If you’re looking for something different, if you want a fantastic run or tough walking against the clock, great scenery, unpredictable weather and to push yourself to the limits, the Alpine Challenge is for you.

This is a mutual support event; it is not a race in the traditional sense. For safety reasons all participants must offer assistance to others in distress. Participants are responsible for their own safety and assume full liability for their participation.

The event offers a range of challenges over the 160km, 100km or 60km distances – all challenges must be completed within 44/36 hours:
• Alpine Skyrun – an endurance challenge for individual runners
• Alpine Challenge – an individual/team endurance event running/walking either solo or in teams of 2 or more
• Relay Challenge – generally travelling in pairs, up to 8 runners/walkers in a relay team
• Alpine Experience – a 60km introductory option over 2 days for runners / walkers.

Note: All participants must carry mandatory safety gear.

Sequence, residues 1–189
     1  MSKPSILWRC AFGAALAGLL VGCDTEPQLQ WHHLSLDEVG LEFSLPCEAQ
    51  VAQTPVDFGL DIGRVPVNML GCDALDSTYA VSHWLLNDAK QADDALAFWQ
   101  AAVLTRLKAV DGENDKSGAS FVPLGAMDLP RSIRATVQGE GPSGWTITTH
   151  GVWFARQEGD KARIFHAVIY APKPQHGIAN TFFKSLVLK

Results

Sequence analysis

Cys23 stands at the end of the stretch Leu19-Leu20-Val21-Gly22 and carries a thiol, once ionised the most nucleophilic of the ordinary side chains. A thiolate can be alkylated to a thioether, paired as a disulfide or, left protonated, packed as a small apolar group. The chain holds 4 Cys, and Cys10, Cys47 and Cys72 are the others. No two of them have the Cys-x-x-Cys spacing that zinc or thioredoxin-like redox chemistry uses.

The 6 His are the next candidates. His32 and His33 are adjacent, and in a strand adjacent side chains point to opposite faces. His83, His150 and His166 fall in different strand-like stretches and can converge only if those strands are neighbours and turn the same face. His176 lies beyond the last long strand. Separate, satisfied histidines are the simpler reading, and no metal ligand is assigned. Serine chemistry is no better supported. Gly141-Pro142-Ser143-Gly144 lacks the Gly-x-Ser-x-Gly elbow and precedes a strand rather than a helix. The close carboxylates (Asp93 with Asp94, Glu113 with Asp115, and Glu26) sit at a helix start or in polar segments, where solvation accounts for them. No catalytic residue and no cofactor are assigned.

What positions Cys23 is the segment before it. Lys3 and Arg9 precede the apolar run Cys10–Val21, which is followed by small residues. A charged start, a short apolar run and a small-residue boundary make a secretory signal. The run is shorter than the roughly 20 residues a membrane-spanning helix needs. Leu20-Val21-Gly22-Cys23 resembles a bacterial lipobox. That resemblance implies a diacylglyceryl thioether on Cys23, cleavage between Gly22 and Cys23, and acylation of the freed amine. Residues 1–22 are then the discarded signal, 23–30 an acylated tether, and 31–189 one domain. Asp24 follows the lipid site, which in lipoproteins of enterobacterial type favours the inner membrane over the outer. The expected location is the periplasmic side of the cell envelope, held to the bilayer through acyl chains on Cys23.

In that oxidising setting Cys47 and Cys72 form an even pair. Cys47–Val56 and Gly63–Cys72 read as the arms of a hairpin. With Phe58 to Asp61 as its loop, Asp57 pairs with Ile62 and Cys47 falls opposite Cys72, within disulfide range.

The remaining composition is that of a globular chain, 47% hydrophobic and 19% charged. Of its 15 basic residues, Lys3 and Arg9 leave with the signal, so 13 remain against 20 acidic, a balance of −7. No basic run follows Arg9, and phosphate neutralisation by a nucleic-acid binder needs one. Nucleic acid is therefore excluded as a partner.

The 100 mile course is an arduous course with 6 major climbs that take a cumulative toll. The event takes place in an exposed Alpine environment that participants continue to underestimate, to their peril, as demonstrated by the high DNF rate. It is subject to sudden and severe changes in weather; hot sunny days as well as rain, fog, high winds, sleet and snow can occur.

The Alpine Challenge should only be attempted by experienced trail runners/walkers with good navigation experience. As a minimum, solo endurance runners attempting the course must have successfully completed at least one organised trail ultra marathon or 8+ hour rogaine in the previous 6 months, and both runners and walkers must have extensive bush walking experience and navigation experience. All participants including relay team members must have experience in running/walking trails and experience in walking/running in cold climate conditions and navigating at night and in adverse conditions.